The Cannabis Act or C-45 wasn’t the only bill that received Royal Assent on Thursday. The act’s companion piece of legislation, Bill C-46, that deals with impaired driving, was also made a law in the same day.
The Cannabis Act’s sister Bill C-46 changes the impaired driving laws in Canada by giving police new powers to conduct roadside intoxication tests, including oral fluid drug tests.
It also makes it illegal to drive within two hours of being over the legal limit. Having between two and five nanograms of the psychoactive THC per milliliter of blood would be a summary criminal conviction, punishable by a fine of up to $1,000.
Gov. Gen. Julie Payette gave the two bills Royal Assent in the Senate chamber.
While the official date for the legalization of the recreational use of marijuana is on Oct. 17, these new restrictions on drug-impaired driving are now effective. Meanwhile, the changes in the bill related to alcohol-impaired driving come into force on Dec. 18.
Prime Minister Justin Trudeau announced Wednesday that marijuana will be legal nationwide on Oct. 17. In the meantime, Canada’s provinces and cities are working out issues concerning how cannabis will be regulated.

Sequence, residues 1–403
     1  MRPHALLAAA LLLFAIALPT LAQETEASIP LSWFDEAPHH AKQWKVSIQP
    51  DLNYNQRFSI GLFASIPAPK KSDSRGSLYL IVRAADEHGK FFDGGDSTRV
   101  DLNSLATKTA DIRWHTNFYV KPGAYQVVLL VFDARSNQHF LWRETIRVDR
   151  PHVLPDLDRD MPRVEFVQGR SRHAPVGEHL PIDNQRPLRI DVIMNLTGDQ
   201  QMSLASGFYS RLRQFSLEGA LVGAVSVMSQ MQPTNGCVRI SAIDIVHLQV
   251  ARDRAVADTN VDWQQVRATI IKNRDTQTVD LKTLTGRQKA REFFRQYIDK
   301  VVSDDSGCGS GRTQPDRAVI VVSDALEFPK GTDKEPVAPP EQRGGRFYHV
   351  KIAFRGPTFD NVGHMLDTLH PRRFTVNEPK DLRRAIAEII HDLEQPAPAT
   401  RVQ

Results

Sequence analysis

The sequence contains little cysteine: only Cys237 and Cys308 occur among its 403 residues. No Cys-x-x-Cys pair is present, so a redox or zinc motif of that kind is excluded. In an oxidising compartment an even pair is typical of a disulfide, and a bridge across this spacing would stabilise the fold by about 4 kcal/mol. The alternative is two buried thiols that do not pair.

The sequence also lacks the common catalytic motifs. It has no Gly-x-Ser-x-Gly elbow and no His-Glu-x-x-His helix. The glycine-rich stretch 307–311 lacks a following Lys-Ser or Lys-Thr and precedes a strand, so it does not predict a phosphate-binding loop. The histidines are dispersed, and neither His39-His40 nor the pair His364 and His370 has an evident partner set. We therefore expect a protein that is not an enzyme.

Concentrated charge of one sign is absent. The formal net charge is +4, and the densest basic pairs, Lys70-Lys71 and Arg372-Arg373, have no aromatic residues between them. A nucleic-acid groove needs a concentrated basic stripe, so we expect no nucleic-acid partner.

Federally, Canada’s finance ministers have the price of marijuana at about $10 per gram, but the Yukon minister in charge of marijuana says the government hopes to displace more of the illegal market by setting the base at $8.
The government wants to tax legal marijuana at either $1 per gram or one-tenth of a product’s price, whichever is greater, plus federal and provincial sales taxes.
On Oct. 17, Canada will be the first country to legalize recreational marijuana in the G7 and the second country after Uruguay.